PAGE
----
Going Responsive

Going Responsive

Karen McGrane

Language: English

Pages: 138

ISBN: 1937557308

Format: PDF / Kindle (mobi) / ePub


Responsive design is more than the technical; it’s a new way of communicating and working that affects every person on your team. Karen McGrane draws on data and stories from real-world teams to show you why going responsive is just good business sense—and how to set up your project (from concept to launch) for total success. Learn how to plan and scope work, collaborate in a responsive context, evaluate content, handle browser support and testing, and measure performance outcomes. No matter your role or project, go responsive with confidence.

Factory Man: How One Furniture Maker Battled Offshoring, Stayed Local -- and Helped Save an American Town

The Ultimate Book of Influence: 10 Tools of Persuasion to Connect, Communicate, and Win in Business

Clean Tech Nation: How the U.S. Can Lead in the New Global Economy

101 Best Businesses to Start: The Essential Sourcebook of Success Stories, Practical Advice, and the Hottest Ideas

Backstage Wall Street: An Insider's Guide to Knowing Who to Trust, Who to Run From, and How to Maximize Your Investments

Manage your boss: How to build a great working relationship

 

 

 

 

 

 

 

 

 

 

 

replatforming the CMS. For many websites, a retrofit also helps mitigate political concerns around changing or damaging the desktop experience, since it doesn’t change much. Here’s how you roll out a retrofit right: “Don’t touch the desktop” is a mandate often handed down to the responsive team, but this guideline is too limiting. It forces the team to work toward unnecessary design parity at the expense of making better design decisions for smaller screens. “Do no harm to the desktop” is a

jointly responsible for the same objective: a working website” (http://bkaprt.com/gr/02-10/). When designers and developers sit on different teams and report to different people, they’re motivated by different goals and expectations. Aligning everyone may need to happen at higher levels of the org chart. Even if design and development teams remain as separate groups, managers must train teams and facilitate a much higher degree of collaboration. Jason Chandler, Manager, Client Side Engineering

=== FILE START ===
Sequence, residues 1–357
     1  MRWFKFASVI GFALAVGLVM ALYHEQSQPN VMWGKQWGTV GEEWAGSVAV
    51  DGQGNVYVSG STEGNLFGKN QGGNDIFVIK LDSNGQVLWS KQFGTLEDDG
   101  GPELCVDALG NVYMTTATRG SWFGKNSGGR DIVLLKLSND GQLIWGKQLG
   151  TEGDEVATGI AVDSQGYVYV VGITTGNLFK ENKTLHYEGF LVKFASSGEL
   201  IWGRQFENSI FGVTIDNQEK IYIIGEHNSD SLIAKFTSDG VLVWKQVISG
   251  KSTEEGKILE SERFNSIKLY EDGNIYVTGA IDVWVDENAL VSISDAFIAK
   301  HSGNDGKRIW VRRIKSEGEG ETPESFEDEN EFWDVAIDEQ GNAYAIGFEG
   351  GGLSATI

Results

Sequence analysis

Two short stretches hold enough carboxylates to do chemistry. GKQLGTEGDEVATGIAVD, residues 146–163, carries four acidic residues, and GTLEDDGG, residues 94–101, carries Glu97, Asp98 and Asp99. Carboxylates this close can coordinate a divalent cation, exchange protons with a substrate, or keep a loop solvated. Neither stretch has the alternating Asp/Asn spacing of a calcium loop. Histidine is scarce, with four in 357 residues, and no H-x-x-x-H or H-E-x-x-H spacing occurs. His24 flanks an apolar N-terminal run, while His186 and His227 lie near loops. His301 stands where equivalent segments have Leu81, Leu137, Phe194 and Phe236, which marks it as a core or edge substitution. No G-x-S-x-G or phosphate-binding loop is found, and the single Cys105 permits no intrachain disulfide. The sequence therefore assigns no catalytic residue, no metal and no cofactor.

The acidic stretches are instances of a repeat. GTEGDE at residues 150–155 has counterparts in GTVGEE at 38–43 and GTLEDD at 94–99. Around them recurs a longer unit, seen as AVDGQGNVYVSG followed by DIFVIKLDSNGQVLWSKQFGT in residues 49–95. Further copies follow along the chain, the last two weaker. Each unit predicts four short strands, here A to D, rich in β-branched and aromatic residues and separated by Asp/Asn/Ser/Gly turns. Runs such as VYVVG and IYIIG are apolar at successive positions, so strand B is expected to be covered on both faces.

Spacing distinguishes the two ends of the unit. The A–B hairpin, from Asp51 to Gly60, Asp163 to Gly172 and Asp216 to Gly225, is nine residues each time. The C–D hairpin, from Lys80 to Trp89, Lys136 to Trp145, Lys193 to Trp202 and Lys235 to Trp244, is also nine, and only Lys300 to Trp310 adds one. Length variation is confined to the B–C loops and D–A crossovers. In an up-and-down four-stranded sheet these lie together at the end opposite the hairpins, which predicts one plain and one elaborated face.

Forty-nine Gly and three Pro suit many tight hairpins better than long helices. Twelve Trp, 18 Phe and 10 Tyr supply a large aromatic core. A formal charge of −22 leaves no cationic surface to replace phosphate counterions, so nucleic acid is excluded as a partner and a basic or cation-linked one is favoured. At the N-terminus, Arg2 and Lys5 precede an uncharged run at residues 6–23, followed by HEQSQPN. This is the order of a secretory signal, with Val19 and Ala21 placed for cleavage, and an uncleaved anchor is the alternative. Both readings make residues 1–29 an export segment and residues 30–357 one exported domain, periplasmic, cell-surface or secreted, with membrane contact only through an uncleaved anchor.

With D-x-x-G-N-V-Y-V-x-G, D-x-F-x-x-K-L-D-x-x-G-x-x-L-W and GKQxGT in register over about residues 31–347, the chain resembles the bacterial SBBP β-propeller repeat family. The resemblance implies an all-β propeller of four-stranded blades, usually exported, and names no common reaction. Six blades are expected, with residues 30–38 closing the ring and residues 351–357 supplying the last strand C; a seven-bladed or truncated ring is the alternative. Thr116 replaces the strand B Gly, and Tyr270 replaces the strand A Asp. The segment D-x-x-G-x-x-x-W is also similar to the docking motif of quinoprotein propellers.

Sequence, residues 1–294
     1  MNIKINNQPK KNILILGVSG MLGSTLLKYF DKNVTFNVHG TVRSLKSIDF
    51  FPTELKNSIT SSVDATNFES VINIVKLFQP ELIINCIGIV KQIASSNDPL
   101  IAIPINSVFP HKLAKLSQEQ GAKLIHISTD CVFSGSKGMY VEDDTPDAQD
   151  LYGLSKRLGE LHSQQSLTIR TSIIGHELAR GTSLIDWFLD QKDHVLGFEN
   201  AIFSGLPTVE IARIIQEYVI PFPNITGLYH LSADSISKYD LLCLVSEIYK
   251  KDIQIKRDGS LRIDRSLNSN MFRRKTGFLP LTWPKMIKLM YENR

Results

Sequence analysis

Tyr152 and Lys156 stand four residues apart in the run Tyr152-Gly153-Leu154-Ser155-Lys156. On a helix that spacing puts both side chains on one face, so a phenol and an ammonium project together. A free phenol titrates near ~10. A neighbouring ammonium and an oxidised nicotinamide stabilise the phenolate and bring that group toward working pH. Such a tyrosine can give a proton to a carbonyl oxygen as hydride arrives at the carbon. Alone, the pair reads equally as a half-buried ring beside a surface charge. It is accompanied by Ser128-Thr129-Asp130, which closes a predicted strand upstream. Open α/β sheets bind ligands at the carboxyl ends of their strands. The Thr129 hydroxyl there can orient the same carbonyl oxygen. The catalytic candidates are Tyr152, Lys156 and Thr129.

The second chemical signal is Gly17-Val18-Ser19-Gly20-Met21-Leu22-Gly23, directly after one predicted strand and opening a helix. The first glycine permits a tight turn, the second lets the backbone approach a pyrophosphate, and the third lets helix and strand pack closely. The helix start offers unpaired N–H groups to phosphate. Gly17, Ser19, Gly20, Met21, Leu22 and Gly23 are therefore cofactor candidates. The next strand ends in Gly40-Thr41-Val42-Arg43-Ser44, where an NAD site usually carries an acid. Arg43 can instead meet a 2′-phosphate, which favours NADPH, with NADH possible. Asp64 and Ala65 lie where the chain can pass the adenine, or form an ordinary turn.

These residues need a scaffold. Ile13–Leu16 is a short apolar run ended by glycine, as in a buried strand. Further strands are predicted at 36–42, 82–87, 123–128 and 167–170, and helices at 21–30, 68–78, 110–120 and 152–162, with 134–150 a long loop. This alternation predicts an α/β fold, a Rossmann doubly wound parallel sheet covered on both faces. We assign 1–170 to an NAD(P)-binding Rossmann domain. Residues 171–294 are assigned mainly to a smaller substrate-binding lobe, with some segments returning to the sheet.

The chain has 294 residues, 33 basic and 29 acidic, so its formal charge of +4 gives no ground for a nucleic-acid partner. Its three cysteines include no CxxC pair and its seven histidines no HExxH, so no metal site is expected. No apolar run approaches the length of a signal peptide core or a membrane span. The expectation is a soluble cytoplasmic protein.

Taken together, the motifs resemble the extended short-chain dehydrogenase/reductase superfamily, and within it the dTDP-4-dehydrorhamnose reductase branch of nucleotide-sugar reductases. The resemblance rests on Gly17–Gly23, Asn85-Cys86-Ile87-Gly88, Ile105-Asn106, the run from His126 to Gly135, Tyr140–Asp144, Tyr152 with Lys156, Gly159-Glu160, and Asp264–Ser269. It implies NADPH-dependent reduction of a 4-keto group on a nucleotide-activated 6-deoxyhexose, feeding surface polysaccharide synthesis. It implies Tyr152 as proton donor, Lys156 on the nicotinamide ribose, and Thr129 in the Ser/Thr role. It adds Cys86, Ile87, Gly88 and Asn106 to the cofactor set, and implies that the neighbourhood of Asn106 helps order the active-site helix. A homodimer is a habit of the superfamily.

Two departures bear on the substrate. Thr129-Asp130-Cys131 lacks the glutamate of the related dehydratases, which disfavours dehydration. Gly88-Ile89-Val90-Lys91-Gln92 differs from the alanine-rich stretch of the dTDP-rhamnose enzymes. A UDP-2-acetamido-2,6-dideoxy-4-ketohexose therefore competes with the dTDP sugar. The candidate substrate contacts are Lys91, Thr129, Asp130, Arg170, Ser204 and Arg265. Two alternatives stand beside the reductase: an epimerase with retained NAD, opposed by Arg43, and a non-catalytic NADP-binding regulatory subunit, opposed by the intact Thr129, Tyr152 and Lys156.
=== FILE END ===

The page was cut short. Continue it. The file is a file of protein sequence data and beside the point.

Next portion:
on top of each other, but that doesn’t preserve the intended prioritization of objects. Content choreography ensures that the visual hierarchy makes sense as items shift between different breakpoints (http://bkaprt.com/gr/04-08/). Paravel founder Trent Walton coined the phrase “content choreography” to describe the process of stacking or grouping elements across different screen widths (http://bkaprt.com/gr/04-07/). Managing these “in-between states” lies at the heart of a responsive design

05-06 http://bohemiancoding.com/sketch/ 05-07 http://macaw.co/ 05-08 http://www.invisionapp.com/ 05-09 https://creative.adobe.com/products/reflow 05-10 http://twitter.github.com/bootstrap/ 05-11 http://foundation.zurb.com/ 05-12 http://gumbyframework.com/ 05-13 http://www.getskeleton.com/ 05-14 https://the-pastry-box-project.net/dan-mall/2012-september-12 05-15 http://alistapart.com/article/language-of-modular-design 05-16 http://responsivewebdesign.com/podcast/code-for-america.html

Companies can outsource or temporarily expand their teams to build things in parallel, which isn’t free, but when the money dries up you’ll have twice or thrice the amount of code to maintain and extend, which also isn’t free or sustainable. You’ll be chasing your tail whatever you pick unless you’ve got enough developers to build and maintain a few versions of everything (http://bkaprt.com/gr/01-22/). By shifting to a responsive design, a single unified team can work together to build a single

Download sample

Download